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What You Should Know About File Sync-and-Share Workloads

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Synopsis

It’s hard to have a conversation about technology usage trends without hearing the term “consumerization of IT.” As tech-savvy business users increasingly look to take control of their IT environment, one of the most significant developments coming from the consumer technology space has been the dramatic rise in the use of cloud-based file sync-and-share (FSS) services.

The ability for users to store, backup and retrieve work data—often from personal mobile devices—in the cloud at affordable prices has resulted in a spike in FSS adoption in enterprise-class organizations. Workers also are using FSS services as a collaboration resource that is easier to deploy and more reliable than legacy FTP sites. By late 2014, 68% of business users were storing work-related information in a personally managed FSS solution, according to Osterman Research. That research came with an important footnote: “Most of these tools are deployed by individuals without any sort of ‘blessing’ from their IT department,” according to the report. That lack of IT involvement and/or direct management is vitally important when it comes to protecting work-related data stored on non-PC endpoints such as tablets and smartphones. A recent study—sponsored by CommVault and conducted with IT professionals in TechTarget’s network of technology sites—said that most IT organizations are not responsible for backing up and ensuring recoverability of non-PC endpoints.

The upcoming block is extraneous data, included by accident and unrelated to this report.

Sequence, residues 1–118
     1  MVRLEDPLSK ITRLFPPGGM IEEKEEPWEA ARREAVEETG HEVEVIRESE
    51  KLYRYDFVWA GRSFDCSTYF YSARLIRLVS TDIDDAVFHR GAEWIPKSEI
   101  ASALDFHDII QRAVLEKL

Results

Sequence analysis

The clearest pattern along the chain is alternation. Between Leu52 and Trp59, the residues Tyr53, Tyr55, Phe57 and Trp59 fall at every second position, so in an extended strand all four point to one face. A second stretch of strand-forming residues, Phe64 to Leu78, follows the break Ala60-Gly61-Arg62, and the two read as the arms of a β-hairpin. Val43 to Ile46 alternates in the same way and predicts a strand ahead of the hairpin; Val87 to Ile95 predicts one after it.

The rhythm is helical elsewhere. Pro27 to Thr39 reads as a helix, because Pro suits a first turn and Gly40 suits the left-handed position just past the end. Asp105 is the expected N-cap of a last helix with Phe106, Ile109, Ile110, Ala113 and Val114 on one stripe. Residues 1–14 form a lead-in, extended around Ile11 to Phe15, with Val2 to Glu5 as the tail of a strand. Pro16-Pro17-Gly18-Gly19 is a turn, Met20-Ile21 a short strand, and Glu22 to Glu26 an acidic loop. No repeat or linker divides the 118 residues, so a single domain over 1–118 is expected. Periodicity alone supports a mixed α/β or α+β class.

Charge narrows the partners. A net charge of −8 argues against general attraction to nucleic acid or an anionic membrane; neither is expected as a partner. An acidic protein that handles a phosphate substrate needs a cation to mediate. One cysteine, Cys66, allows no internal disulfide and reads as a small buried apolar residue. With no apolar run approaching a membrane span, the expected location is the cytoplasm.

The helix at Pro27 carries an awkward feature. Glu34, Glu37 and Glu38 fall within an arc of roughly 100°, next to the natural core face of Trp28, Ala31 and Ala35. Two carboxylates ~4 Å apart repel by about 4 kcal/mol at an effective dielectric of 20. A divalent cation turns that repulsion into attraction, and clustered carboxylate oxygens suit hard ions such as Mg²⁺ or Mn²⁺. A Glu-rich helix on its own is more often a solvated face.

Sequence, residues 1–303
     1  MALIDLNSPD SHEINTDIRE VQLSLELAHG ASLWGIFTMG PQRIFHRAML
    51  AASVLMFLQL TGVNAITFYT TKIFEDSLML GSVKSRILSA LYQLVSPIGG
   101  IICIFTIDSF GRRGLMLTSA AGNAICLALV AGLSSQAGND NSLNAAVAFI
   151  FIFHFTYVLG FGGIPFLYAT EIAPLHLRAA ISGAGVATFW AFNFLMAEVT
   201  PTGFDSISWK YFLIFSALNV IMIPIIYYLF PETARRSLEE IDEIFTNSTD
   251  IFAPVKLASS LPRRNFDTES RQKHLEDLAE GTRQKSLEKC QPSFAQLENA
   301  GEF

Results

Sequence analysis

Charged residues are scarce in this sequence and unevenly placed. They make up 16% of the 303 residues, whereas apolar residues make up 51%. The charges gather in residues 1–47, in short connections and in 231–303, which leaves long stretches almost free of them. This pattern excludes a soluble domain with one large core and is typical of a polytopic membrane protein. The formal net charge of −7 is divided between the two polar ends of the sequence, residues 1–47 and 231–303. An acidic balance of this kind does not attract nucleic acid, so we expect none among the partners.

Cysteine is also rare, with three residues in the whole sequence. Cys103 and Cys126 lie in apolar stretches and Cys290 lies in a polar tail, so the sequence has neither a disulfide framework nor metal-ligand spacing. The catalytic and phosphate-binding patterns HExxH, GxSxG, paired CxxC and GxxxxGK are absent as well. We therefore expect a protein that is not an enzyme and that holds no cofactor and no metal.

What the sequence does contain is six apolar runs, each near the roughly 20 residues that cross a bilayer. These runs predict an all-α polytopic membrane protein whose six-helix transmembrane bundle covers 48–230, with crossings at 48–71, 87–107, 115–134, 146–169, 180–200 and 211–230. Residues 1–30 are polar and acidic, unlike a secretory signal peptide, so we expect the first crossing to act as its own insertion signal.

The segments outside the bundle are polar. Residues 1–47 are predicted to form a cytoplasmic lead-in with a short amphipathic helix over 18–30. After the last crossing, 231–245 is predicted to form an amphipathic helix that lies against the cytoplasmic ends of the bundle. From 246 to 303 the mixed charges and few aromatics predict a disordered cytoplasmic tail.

Add in another data point from the TechTarget endpoint survey: 65% of respondents said cloud-based sync-and-share storage services were being used for work applications. Given the affordability of cloud-based FSS services and the ease of provisioning—typically without IT involvement or knowledge—it’s easy to see that data protection vulnerabilities often go hand-in-hand with FSS.

One important reason why FSS is on the rise in business environments is users’ familiarity with consumer-class FSS services for their personal data such as photos and music. But storing MP3 files and JPEGs in the cloud doesn’t carry the same level of risk and significant downside as storing corporate data. There are potentially huge legal, regulatory, financial and competitive risks in using cloud-based FSS in work environments, especially when IT oversight and proper data governance are missing. The challenge of adhering to best practices and governance policies spanning compliance, e-discovery and security cannot be overstated, especially in highly regulated industries such as financial services and healthcare.

“Corporate IT faces a tremendous challenge from any FSS app that does not satisfy enterprise requirements for data protection and IT control over corporate content,” according to Michael Osterman, president of Osterman Research. â€œUntil IT can once again regain control of their data, they risk serious regulatory, governance and security issues.”